More than anything, the Storm’s abundance of depth and relative fortune as it regards to health appears to be responsible for its first-place position in the WNBA standings.

Eleven-time WNBA All-Star point guard Sue Bird missed nine games this season due to a bone bruise in her left knee while the bulk of Seattle’s roster has remained intact during a condensed 22-game regular-season schedule.

Bird targeted this week to return perhaps anticipating the importance of Friday’s matchup with the Los Angeles Sparks in a battle between the league’s top two teams.

“This day was what we circled,” Bird said via a Zoom call following Wednesday’s 71-64 victory over Washington that ended a five-game layoff.  “Obviously, with a bone bruise you never know but we tried to map it out in order for me to be back by today … in order to get a couple of games under my belt heading into the playoffs.

“Luckily, everything with the knee was getting better and better with each day and I’m happy to get the kinks out now so I can be ready for the playoffs.”

Before the postseason, Seattle (14-3) has a fair bit of work to do to secure one of the top two seeds, which guarantees a double bye and a spot in the semifinals.


First up, is a much-anticipated showdown against Los Angeles (13-4), the hottest team in the league that’s 10-1 since starting the season 3-3.

One of those early defeats included an 81-75 Storm win on Aug. 1.

Still, Sparks coach Derek Fisher isn’t putting too much emphasis on Friday’s rematch.

“We’ve been talking about … really falling in love with the process of becoming a champion and not being overly focused on any particular game, moment or situation,” he said. “But a real love affair with the process of being great and becoming great. That’s what Friday night represents for us. It’s a stop along the way of the process of becoming the best version of ourselves.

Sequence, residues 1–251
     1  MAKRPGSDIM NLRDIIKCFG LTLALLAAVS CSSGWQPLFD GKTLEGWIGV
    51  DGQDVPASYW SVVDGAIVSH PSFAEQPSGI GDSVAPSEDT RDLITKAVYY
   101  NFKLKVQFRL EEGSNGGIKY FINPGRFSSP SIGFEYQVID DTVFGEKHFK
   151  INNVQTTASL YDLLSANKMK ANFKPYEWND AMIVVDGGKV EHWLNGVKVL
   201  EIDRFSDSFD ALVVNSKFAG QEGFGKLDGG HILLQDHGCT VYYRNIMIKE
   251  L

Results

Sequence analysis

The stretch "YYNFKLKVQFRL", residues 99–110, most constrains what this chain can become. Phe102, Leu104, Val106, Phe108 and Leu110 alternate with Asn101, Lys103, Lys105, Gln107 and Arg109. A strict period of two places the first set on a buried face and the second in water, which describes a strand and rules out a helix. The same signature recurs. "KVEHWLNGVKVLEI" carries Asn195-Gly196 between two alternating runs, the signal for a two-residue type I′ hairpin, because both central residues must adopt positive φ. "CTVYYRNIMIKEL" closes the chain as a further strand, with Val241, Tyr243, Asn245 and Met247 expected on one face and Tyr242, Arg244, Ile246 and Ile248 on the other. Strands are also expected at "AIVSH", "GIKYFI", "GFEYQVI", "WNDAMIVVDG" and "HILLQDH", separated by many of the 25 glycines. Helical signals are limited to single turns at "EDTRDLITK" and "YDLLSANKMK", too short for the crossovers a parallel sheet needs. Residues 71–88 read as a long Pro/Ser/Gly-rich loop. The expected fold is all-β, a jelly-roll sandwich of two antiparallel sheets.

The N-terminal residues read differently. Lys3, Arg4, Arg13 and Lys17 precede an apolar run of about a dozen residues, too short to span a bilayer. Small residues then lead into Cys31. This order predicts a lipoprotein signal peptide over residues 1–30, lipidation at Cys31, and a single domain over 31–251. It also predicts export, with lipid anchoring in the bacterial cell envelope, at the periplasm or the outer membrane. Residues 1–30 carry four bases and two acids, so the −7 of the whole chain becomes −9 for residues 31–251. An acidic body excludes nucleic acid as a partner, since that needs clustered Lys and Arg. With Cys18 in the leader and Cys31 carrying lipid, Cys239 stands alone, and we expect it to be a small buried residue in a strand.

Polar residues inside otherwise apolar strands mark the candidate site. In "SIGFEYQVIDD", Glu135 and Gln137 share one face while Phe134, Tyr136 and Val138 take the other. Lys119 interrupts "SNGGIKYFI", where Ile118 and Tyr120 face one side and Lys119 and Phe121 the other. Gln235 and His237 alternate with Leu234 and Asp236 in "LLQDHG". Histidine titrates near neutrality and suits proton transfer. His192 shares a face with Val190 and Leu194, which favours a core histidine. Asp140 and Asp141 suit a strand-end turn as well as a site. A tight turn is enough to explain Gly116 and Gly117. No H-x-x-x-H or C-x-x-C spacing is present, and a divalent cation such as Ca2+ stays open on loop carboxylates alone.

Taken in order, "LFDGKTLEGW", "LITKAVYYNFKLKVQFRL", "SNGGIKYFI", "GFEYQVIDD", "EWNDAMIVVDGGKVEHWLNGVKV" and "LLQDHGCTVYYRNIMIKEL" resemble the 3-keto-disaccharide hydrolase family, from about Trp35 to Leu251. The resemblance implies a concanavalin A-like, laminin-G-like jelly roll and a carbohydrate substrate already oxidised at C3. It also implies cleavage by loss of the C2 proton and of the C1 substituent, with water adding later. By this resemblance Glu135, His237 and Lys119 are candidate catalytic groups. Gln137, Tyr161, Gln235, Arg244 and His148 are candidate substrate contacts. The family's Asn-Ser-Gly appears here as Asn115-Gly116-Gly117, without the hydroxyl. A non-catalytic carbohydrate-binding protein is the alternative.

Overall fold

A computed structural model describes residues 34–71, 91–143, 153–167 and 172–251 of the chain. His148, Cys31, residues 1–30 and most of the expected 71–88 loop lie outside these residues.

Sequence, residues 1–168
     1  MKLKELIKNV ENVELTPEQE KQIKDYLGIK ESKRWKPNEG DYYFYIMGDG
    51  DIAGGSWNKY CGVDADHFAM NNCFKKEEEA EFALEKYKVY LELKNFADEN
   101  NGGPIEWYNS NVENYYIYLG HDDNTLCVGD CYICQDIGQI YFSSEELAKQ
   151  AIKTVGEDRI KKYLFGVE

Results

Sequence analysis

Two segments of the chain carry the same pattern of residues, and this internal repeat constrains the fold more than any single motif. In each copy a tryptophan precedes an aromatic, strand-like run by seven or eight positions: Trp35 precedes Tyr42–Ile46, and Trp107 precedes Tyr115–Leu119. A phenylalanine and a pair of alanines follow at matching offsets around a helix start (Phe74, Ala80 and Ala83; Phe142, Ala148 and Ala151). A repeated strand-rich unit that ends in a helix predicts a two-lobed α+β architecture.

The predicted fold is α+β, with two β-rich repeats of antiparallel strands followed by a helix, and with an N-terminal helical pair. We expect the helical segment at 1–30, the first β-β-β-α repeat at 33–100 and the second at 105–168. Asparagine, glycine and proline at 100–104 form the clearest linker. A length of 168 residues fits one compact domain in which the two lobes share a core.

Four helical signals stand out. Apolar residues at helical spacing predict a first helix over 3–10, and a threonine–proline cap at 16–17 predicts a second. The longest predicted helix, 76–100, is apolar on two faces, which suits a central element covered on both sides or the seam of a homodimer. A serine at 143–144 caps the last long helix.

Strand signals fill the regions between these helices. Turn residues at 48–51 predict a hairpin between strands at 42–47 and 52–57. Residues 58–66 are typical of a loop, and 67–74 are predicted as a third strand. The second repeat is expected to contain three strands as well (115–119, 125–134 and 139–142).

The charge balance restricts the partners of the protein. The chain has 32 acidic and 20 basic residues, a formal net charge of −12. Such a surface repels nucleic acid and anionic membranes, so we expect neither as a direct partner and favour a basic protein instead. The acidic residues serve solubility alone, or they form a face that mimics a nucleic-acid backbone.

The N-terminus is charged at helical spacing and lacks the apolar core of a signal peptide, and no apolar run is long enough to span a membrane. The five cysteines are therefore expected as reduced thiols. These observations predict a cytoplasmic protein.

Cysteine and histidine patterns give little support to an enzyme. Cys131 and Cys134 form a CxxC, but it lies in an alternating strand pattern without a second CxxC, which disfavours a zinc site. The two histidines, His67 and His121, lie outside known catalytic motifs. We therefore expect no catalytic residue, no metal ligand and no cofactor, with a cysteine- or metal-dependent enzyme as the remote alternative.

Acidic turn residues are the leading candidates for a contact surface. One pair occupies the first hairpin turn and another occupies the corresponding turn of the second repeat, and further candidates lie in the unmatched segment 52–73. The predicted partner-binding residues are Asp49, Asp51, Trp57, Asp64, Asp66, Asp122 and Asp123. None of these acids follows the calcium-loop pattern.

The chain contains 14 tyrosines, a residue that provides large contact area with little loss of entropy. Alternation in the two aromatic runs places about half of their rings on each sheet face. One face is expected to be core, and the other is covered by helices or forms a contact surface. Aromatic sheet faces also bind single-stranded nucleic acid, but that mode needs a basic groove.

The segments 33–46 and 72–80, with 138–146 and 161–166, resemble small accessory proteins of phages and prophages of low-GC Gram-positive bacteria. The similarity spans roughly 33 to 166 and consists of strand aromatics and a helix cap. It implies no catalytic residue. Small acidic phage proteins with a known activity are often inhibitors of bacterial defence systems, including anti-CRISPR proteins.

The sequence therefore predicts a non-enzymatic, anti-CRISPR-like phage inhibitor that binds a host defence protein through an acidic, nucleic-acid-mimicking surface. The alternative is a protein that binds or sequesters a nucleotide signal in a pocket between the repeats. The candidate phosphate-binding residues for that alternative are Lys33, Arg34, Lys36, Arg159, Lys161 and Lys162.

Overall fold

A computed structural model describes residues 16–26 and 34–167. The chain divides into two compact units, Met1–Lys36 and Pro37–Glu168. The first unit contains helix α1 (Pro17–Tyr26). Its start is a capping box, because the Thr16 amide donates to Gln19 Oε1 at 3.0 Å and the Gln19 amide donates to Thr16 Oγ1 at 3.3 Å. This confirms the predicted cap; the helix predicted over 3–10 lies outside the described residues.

“Of course we want to win the game and we’re coming in planning to win. But we can’t hang our entire hopes or how we feel about ourselves on one game against anybody.”

Sparks center Candace Parker put it more succinctly when she said: “We need a win. At this point and time, you can’t look past teams.”


Parker was responding to a question about LA’s 91-83 win over Atlanta on Wednesday, but her point sums up the situation of the WNBA’s top four teams (Seattle, Los Angeles, Las Vegas and Minnesota) — all separated by two games with five remaining.

The Storm is the only team that controls its own fate, but Seattle also has the toughest remaining schedule, including games against Minnesota and Las Vegas.

“You come into this thing, and you never know what was going to happen,” Las Vegas coach Bill Laimbeer said last week after clinching a playoff spot. “Now it’s about seeding and trying to win every game that we can.” 

The Nos. 5-8 seeds play single-elimination first-round games, with the winners facing the Nos. 3-4 seeds in single-elimination second-round games.

The WNBA Finals, like the semifinals, will be a best-of-five series.


— Guard Jordin Canada is listed as doubtful for Friday’s game due to a right knee injury.